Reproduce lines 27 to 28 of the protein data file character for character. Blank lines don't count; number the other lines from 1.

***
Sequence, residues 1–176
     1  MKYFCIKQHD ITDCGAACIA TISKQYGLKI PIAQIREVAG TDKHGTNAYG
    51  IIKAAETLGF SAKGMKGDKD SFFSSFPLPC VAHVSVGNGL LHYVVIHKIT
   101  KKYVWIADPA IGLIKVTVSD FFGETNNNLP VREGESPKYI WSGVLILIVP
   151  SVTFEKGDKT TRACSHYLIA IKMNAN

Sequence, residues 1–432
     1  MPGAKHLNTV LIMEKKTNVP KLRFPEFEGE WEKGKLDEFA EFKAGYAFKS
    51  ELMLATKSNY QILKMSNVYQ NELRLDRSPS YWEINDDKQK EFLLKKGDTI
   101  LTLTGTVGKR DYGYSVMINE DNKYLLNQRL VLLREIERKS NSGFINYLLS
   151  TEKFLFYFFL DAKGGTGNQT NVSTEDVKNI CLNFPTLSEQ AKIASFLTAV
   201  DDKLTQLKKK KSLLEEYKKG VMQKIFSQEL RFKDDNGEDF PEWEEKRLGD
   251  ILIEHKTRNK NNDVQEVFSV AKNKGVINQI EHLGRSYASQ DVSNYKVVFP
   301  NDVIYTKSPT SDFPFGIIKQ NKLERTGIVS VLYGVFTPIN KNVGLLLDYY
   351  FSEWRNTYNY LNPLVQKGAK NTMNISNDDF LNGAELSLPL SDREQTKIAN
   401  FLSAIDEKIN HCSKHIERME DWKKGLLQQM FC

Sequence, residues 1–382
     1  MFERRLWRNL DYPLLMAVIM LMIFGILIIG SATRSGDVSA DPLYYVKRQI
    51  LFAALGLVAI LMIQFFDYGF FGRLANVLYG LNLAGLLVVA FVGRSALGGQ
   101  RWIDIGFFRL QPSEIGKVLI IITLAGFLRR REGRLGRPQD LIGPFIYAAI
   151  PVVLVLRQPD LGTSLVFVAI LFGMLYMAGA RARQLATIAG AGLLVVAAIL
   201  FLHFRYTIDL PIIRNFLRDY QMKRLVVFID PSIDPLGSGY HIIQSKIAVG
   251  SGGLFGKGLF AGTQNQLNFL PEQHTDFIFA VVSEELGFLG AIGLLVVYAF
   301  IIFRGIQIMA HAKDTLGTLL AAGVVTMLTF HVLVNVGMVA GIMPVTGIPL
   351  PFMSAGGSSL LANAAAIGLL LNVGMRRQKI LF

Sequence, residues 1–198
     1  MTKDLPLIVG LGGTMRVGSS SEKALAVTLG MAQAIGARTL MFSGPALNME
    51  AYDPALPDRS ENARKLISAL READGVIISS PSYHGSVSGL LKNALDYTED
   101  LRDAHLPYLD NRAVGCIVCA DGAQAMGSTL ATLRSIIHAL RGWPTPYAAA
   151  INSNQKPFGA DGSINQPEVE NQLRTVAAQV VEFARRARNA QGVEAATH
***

    51  AYDPALPDRS ENARKLISAL READGVIISS PSYHGSVSGL LKNALDYTED
   101  LRDAHLPYLD NRAVGCIVCA DGAQAMGSTL ATLRSIIHAL RGWPTPYAAA